A Facelift For CRR


Just before the Faculty approved the reforms of the Committee on Rights and Responsibilities (CRR), the present chairman of the CRR rose to announce his hope that students might finally see fit to end their intermittent eight-year boycott of the committee.

But students involved in drawing up the original reforms in 1977 did not. Laura S. Besvinick '80, who was one of four students on the CRR in 1977 and member of the first class to break the boycott, said yesterday the final CRR legislation, which passed the Faculty Council last December, is a sadly diluted version of their earlier package of reforms. The Council vetoed the recommended reforms to bar hearsay evidence from CRR hearings and to create an appeals board. The Council did agree to eliminate legal counsel at hearings and to set up guidelines for release of taped transcripts of the hearings. These reforms are procedural and therefore do not require a full Faculty vote. But, as Besvinick observed, the reforms were meant to work as a whole "What good does barring legal counsel do, when the students have no appeals board to resort to?" she asked.

Besvinick said only the reform establishing a more balanced student-faculty ratio on the committee actually helps students. The legislation provides for six student and six Faculty seats, plus an additional Faculty member who will preside as chairman and cast the deciding vote in case of a tie. Previous membership rules required eight Faculty members and six students.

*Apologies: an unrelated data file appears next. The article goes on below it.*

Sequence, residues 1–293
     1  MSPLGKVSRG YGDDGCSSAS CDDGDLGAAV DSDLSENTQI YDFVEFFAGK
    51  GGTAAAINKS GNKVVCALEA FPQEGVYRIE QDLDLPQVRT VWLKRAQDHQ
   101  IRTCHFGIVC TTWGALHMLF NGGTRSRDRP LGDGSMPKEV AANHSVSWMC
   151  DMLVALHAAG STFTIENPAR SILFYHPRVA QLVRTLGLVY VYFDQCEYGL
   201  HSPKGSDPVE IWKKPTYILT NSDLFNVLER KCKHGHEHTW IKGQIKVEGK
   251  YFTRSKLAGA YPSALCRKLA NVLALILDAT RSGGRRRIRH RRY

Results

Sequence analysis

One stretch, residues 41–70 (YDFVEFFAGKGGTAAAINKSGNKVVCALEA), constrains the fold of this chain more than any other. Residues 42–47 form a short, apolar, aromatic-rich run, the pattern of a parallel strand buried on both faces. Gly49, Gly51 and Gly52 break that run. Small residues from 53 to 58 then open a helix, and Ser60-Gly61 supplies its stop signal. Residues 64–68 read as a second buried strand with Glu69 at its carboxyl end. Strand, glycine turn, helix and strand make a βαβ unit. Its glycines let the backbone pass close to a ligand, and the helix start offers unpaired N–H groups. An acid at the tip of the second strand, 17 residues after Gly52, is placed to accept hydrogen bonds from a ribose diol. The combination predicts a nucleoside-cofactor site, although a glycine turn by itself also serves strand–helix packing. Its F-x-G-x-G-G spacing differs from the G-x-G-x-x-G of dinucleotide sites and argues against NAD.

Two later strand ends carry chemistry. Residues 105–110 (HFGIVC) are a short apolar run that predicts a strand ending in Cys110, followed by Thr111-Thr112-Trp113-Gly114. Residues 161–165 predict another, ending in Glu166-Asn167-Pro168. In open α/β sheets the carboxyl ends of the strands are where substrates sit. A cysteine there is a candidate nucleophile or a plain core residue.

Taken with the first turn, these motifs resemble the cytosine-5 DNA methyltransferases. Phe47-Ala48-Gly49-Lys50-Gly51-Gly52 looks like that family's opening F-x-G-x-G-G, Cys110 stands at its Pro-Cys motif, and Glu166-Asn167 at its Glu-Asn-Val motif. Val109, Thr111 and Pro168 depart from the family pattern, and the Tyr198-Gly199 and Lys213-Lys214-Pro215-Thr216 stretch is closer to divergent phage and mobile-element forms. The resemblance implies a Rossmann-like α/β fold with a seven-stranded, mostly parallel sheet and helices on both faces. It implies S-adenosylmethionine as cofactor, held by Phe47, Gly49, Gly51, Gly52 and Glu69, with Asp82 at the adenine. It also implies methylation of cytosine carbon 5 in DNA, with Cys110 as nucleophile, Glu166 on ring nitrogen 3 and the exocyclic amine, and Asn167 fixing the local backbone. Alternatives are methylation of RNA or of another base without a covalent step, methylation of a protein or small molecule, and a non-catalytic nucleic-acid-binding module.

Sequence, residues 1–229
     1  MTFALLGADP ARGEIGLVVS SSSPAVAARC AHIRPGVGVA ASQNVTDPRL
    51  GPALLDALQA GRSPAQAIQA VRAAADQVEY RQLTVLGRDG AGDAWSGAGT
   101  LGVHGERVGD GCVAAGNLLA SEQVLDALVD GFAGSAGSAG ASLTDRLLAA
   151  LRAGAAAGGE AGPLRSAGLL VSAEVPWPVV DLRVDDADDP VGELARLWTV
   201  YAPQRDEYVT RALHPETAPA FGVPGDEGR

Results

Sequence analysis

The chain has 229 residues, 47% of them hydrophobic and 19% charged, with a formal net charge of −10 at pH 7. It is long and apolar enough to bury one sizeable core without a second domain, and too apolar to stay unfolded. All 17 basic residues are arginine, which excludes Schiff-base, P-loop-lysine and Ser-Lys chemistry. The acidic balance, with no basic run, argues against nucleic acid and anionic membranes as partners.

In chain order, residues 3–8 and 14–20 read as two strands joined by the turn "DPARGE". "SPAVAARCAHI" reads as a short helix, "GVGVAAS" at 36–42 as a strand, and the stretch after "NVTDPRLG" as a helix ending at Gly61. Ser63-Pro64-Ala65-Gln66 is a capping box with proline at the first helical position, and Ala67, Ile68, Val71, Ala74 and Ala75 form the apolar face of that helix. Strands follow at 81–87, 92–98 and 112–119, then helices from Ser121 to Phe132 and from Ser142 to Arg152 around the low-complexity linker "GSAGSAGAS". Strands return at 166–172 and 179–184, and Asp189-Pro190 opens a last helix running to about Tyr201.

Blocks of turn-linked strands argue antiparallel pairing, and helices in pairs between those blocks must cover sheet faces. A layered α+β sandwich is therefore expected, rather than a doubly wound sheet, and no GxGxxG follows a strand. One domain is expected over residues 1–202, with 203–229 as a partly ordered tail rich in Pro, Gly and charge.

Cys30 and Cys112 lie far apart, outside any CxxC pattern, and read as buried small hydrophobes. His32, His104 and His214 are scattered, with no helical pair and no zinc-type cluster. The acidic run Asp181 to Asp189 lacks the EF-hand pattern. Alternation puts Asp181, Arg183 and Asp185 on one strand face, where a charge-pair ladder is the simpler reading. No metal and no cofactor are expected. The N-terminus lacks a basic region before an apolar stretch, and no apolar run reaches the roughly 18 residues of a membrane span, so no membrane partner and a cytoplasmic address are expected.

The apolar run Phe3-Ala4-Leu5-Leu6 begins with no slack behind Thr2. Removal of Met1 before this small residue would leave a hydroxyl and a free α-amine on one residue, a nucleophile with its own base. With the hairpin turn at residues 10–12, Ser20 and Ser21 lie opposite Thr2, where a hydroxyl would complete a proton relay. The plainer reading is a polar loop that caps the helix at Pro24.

But some House committee chairmen, who originally voted to boycott CRR again this year, found the Faculty vote more encouraging. Susan McConnell '79, chairman of the North House committee, said yesterday the committee would soon review its decision to support the boycott, in view of the Faculty vote.

Harry D'Agostino '79, chairman of Currier House committee, did not believe the committee would consider voting to lift the boycott this year, but added he saw "no reason why we couldn't lift it next year."


Such optimism leaves students like Besvinick, who have long followed the debates over CRR reforms, bewildered over the clarity of their classmates' vision. She said "It's as if students are becoming more and more unable to see when something is wrong.